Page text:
Saturday, February 14, 2009


I don't have a bed. In fact, I haven't had a bed for over a month now.

I was homeless when I got to California, but I found an apartment my second day here. The place was great: good location, decent price (at least for around here), and a good roommate. There was just one drawback: the guy who I was replacing wasn't moving out until the end of the month, so I would be homeless for a little while longer.

I slept on a friend's couch until the end of the month rolled around. Right when I was about to move in, Apple sent me to China for a week, so I've only been in my apartment since Sunday. My moving pod showed up yesterday, so I'll finally have all of my stuff.

Unfortunately, I haven't found a bed yet, so I'm still on a couch. I've been working for the last few days to change that. Unfortunately, it appears that the bed I want doesn't exist. Here are my simple requirements:
  • Raised at least a foot off the ground, so I can put stuff under it.
  • Twin or full size.
  • No huge headboard or other stuff that takes up lots of space.
  • Cheap.
You'd think that I could find something like that, but it appears that it doesn't exist. IKEA is a few minutes away, but they only have one bed that's very far off the ground, and it doesn't meet the second two requirements. I've been perusing craigslist, but haven't found anything yet.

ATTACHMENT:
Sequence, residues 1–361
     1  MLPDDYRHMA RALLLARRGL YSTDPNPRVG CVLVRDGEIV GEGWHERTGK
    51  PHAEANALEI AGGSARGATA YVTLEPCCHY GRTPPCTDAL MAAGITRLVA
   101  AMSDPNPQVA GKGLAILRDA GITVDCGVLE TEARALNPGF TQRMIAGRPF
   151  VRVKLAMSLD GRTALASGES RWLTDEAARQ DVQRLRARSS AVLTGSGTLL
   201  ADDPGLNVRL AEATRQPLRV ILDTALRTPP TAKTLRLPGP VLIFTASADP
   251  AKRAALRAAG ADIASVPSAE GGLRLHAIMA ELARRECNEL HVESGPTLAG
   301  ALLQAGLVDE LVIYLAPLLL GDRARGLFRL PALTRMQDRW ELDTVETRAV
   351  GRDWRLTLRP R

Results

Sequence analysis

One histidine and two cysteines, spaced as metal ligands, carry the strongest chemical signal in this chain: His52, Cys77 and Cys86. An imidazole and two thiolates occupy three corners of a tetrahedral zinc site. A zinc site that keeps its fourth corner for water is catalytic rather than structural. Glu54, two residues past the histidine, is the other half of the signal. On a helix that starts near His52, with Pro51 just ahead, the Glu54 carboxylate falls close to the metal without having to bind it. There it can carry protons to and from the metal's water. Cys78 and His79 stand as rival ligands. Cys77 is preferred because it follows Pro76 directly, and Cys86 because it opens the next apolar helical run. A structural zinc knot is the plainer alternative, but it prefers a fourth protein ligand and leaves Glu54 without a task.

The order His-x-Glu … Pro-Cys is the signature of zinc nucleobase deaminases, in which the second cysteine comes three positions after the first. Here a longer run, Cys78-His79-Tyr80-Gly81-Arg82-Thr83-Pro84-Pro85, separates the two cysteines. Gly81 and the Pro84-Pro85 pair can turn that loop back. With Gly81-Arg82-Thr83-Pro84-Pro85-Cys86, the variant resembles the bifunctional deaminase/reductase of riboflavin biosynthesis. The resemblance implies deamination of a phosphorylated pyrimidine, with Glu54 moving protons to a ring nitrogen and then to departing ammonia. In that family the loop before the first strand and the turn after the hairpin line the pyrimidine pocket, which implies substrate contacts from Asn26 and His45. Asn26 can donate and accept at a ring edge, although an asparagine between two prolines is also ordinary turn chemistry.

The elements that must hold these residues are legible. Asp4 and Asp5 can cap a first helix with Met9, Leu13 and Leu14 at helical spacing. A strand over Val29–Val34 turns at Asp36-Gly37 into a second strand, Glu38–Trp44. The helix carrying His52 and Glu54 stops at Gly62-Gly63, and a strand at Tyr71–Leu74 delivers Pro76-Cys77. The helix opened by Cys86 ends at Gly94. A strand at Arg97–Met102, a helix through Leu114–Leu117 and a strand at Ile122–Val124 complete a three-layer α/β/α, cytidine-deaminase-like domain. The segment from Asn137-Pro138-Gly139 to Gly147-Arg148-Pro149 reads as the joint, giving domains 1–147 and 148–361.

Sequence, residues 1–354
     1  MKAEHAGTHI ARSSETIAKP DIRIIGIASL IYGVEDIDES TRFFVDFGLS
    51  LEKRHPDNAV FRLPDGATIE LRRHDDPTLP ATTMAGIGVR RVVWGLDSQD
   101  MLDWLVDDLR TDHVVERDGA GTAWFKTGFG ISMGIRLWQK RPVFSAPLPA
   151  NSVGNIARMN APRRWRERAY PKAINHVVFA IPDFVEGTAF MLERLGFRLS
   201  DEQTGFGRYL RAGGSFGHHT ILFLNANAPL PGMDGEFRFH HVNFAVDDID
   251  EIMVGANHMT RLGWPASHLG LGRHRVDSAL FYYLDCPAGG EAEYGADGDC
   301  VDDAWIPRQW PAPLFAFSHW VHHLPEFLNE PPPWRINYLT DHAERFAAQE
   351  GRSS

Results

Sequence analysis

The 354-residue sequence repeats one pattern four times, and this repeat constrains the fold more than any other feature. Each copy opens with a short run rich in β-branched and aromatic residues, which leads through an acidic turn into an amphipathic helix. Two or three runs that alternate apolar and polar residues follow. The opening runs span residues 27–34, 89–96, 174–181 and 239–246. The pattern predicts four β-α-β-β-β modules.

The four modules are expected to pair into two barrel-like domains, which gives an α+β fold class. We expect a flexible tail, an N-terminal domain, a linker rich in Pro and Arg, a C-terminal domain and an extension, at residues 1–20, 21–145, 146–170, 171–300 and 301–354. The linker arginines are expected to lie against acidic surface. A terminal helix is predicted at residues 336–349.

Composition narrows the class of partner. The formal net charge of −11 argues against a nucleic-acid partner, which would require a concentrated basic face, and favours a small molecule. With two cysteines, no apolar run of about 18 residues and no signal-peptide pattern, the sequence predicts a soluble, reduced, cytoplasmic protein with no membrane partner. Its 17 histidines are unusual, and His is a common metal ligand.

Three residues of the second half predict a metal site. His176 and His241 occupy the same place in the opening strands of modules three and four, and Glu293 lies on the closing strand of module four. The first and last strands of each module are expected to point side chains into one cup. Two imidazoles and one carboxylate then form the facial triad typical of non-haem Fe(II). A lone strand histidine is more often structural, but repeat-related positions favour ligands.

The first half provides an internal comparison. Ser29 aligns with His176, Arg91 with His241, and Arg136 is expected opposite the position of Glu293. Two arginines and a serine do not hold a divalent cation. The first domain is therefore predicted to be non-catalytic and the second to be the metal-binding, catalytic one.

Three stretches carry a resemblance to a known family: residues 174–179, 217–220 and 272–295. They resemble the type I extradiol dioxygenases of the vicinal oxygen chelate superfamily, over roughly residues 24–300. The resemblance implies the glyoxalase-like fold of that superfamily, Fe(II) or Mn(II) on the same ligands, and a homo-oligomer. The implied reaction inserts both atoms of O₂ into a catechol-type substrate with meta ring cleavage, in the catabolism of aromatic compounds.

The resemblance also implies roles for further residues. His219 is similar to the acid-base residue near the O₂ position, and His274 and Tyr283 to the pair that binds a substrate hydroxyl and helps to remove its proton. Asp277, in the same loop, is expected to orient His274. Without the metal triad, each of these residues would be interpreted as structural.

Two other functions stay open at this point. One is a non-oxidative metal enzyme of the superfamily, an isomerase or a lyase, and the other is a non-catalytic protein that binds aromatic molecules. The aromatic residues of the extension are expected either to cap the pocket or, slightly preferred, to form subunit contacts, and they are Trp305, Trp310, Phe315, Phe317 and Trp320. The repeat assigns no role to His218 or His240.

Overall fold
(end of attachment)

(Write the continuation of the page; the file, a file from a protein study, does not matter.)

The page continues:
There are a lot more full size beds on craigslist than twins, but I wasn't sure if a full would fit in my room, so I pulled out my tape measure and OmniGraffle and made a floorplan. Looks like a full will fit:

Hopefully by the end of the day I'll have a bed and have all of my stuff moved in.

Saturday, February 07, 2009

The day with two mornings

Here's a riddle for you: when does a day have two mornings?

Answer: when you fly from China to the U.S.

I woke up this morning—the first time—in Shanghai, right across the street from Chairman Mao's residence. After breakfast and a quick walk to People's Park and back, I was off to the airport to catch my 1:45 p.m. flight. Due to the weirdness of timezones and the international dateline (China is 16 hours ahead of the western U.S.), I stepped off the plane at 8 a.m., about six hours before I left. Today has been like groundhog day: two mornings, two afternoons, two evenings. Of course, the flip side is that when I flew to Shanghai on Sunday afternoon, I didn't arrive until Monday night.

I spent this week in China on business. Unfortunately, Apple is pretty tight-lipped, so I don't have any pictures of what I did, and I can't say much about it. Also unfortunately, I worked so much that I didn't get to see much other than my hotel, the building I worked at, and the road between the two. The only exception was this morning, when I had an extra half hour and took a short walk around Shanghai before I went to the airport.

China was an interesting place. My overall impression is that it's really smoggy, its driving rules are very flexible, and it's filled with nice people. I wish that I spoke Chinese so that I could talk to them. There's tons of major construction going on right now, and you can almost feel the country growing.